(I)NDC ratings and LULUCF

Why the CAT (I)NDC ratings don't include LULUCF

The Climate Action Tracker (CAT) is an independent science-based assessment, which tracks Government emission commitments and actions. In preparation for the adoption of the Paris Agreement in December, the CAT analysed governments’ (Intended) Nationally Determined Contributions ((I)NDCs) and assessed whether they are consistent with a fair share effort to holding warming to below 2°C.

The CAT methodology for assessing and rating (I)NDCs focuses on CO2 and other GHG emissions from fossil fuel combustion, industry, agriculture and waste sources[1], which account for 93% of global GHG emissions in 2010. CO2 and other GHG emissions from land-use, land use change and forestry (LULUCF), which account for around 7% of global GHG emissions, are not included in the effort sharing ranking system.

In analysing (I)NDCs, the CAT estimates and reports both historical and likely future emissions from both broad sources of GHG emissions and, where significant, elaborates on LULUCF issues in the overall assessment of government action. This note serves to shed light on the reasoning behind this approach and why it matters when being concerned with holding warming to below 2 and 1.5°C.

There are several inter-related factors that lead to the approach in which CAT rates all governments’ (I)NDCs against their fair share contribution towards reducing emissions from fossil fuel combustion, industry, agriculture and waste sources—in effect on their contribution towards long-term decarbonisation—excluding LULUCF. In summary, the CAT assesses (I)NDCs without emissions from LULUCF because of:

 In order to meet the 2 and 1.5°C limits the world’s energy system needs to decarbonise

Results from the IPCC’s most recent Fifth Assessment Report (AR5) show that long-term transformation of the global economy needed to achieve 1.5 or 2°C requires emission cuts in the energy sector for 2025, or 2030, and these cannot be replaced by reductions in emissions from the land-use sector. Limiting warming below 2°C and 1.5°C requires deep and long-lasting changes in energy and industrial greenhouse gas emissions.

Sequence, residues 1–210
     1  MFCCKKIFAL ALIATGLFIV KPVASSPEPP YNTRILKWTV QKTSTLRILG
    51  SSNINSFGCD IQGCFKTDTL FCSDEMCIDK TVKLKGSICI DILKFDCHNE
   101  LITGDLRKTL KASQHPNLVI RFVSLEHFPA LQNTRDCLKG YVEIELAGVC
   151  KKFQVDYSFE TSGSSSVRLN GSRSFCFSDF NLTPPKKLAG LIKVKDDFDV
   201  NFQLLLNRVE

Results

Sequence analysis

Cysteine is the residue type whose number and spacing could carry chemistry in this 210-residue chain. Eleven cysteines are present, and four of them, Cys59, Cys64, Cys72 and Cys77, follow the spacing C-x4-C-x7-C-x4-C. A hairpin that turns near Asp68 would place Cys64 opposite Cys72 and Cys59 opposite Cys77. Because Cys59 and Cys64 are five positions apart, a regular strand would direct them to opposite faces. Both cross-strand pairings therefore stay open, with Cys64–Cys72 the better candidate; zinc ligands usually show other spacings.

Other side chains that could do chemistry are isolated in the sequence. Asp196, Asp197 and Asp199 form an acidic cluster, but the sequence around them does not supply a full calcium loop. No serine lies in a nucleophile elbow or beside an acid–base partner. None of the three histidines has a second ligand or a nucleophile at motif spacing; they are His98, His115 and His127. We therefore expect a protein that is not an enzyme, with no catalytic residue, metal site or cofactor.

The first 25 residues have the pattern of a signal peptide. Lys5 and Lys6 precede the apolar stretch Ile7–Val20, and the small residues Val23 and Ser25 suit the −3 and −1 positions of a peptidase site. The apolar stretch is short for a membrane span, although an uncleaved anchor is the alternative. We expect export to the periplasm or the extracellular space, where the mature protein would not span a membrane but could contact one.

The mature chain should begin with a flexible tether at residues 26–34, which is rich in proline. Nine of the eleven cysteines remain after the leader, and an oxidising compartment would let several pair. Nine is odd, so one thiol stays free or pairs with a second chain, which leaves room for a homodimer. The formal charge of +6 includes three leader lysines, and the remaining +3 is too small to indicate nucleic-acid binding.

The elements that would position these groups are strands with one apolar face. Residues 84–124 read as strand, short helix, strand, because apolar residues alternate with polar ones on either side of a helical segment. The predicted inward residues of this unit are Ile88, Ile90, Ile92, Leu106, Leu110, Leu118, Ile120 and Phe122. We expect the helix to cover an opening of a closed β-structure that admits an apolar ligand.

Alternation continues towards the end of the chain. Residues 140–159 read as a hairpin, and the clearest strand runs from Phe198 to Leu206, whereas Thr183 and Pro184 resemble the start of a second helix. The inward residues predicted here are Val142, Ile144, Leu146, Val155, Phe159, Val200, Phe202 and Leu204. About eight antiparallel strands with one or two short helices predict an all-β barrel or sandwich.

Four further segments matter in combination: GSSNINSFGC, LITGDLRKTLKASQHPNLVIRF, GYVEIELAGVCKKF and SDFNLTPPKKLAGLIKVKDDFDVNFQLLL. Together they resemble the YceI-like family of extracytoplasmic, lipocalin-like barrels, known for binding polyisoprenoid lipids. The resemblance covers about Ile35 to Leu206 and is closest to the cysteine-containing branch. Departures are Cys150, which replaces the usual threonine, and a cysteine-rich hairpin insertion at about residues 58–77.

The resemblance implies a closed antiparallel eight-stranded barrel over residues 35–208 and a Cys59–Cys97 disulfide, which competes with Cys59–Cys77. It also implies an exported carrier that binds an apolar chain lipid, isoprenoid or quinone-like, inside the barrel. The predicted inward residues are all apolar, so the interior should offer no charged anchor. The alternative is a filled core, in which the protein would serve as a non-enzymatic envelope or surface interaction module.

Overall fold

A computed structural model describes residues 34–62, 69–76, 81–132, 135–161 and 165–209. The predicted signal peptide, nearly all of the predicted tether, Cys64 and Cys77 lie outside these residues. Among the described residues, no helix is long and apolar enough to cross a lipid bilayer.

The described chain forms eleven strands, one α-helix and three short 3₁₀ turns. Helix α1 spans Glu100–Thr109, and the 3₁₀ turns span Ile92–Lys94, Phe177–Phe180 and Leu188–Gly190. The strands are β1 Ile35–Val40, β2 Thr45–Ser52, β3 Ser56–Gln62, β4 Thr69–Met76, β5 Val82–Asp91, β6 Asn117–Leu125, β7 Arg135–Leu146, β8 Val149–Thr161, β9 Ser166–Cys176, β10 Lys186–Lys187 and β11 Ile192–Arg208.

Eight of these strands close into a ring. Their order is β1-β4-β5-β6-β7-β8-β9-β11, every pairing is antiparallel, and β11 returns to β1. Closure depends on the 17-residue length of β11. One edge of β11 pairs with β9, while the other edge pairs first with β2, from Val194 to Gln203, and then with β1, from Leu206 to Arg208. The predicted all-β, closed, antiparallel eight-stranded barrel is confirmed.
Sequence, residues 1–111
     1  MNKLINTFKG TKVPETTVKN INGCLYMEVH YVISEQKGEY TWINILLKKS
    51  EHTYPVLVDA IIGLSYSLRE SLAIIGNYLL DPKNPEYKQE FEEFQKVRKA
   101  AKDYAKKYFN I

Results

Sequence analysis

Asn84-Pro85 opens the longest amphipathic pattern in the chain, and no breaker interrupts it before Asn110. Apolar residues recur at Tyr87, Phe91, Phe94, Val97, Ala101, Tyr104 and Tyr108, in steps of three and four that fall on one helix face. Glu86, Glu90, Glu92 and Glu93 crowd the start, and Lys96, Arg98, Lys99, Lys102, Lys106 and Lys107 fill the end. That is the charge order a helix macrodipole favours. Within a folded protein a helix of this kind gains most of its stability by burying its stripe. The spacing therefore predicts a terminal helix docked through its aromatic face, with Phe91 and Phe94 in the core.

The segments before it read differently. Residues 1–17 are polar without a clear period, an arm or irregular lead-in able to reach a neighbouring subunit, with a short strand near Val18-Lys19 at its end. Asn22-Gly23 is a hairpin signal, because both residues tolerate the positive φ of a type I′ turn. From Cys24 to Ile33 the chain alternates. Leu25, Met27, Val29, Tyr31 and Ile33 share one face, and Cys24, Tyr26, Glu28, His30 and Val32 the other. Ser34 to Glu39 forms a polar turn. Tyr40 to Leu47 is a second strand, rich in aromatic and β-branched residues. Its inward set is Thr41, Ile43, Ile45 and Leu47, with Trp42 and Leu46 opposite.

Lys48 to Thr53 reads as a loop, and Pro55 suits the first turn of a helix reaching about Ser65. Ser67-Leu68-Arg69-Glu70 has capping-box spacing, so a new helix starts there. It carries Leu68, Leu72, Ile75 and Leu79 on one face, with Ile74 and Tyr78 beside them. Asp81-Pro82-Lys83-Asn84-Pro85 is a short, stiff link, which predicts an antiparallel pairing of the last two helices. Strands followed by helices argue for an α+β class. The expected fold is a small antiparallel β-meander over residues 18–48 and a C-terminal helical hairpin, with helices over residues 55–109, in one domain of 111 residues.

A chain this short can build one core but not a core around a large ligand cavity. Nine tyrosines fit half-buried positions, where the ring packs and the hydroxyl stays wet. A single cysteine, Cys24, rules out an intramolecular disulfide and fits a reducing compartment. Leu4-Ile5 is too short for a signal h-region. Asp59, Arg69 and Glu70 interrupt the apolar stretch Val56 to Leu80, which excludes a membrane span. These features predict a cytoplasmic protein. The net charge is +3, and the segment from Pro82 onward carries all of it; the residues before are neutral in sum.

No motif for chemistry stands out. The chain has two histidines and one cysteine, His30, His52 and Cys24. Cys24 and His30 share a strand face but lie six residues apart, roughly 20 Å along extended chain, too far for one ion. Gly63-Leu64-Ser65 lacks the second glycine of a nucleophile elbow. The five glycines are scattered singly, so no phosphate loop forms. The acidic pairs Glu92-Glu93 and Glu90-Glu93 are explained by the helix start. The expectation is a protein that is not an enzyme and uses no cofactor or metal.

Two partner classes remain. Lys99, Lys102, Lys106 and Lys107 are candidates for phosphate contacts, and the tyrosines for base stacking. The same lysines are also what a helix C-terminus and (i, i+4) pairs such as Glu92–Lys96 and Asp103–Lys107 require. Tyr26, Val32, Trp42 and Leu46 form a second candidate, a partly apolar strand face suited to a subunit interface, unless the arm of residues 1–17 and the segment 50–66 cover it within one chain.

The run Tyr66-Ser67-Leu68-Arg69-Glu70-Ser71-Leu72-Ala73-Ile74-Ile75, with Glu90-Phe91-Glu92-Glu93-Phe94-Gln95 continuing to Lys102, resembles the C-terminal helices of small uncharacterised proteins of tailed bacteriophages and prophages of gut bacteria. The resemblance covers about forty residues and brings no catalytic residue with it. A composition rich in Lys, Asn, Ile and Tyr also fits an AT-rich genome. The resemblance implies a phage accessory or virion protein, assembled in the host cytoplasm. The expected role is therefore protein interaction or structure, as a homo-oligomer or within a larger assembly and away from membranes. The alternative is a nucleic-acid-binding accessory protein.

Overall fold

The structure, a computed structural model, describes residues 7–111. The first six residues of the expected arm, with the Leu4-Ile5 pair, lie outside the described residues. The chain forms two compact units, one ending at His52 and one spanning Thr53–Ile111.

The major focus of mitigation activities needs to be on greenhouse gas (GHG) emissions from the energy sector, industrial processes, solvent and other product use, agriculture and waste sectors, because of the very long legacy of installed infrastructure. Knowing, for example, that a power plant fired by fossil fuels commits to 40–60 years of CO2 emissions, the phase-out of this technology needs to start decades in advance and already in the time frame of the 2020’s and 2030’s.

While reducing deforestation is important, as is maintaining the sink, or carbon storage capacity of forests, soils and other ecosystems, enhancing emissions reductions only from LULUCF will not replace the required reductions in emissions within energy and industry sectors, given the long legacy of committed emissions after installation of new high-emission infrastructure.

Emission reductions of 2025 and 2030 benchmarks for 1.5°C pathways actually assume large reductions in emissions from all sectors including the LULUCF sector. Further enhancing these, as discussed above, will not replace the required reductions in emissions within energy and industry sectors. The emissions scenarios in IPCC AR5 that have a likely chance of holding warming below 2°C show that global fossil-fuel CO2 emissions must reach zero by 2060–2075, and total global GHG emissions need to reach zero before the end of the century. For 1.5°C this must occur several decades earlier for both fossil fuel CO2 and for total global GHG emissions.

Inclusion of LULUCF in targets has the potential to disguise increasing trends of energy and industrial emissions.